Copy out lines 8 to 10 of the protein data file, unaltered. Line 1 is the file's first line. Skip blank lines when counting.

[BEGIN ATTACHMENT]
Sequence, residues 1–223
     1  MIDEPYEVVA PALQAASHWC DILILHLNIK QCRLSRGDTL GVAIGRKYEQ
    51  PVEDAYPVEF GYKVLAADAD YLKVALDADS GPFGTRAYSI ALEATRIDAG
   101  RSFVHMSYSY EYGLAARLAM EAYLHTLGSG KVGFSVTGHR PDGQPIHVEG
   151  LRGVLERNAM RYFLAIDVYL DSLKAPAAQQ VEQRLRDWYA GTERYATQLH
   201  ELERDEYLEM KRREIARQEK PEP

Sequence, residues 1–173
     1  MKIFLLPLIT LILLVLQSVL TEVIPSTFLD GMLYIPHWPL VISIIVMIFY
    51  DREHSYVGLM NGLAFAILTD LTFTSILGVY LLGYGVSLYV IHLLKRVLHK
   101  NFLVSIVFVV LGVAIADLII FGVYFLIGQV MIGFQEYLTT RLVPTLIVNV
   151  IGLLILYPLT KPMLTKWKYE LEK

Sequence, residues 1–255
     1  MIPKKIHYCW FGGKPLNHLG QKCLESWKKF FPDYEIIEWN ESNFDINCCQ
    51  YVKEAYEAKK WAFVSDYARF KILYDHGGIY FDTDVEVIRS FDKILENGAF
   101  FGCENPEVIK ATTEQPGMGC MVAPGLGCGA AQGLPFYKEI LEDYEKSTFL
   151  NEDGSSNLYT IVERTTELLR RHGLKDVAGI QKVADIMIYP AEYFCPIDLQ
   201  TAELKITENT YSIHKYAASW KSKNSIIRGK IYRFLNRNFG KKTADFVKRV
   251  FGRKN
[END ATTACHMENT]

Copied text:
     1  MKIFLLPLIT LILLVLQSVL TEVIPSTFLD GMLYIPHWPL VISIIVMIFY
    51  DREHSYVGLM NGLAFAILTD LTFTSILGVY LLGYGVSLYV IHLLKRVLHK
   101  NFLVSIVFVV LGVAIADLII FGVYFLIGQV MIGFQEYLTT RLVPTLIVNV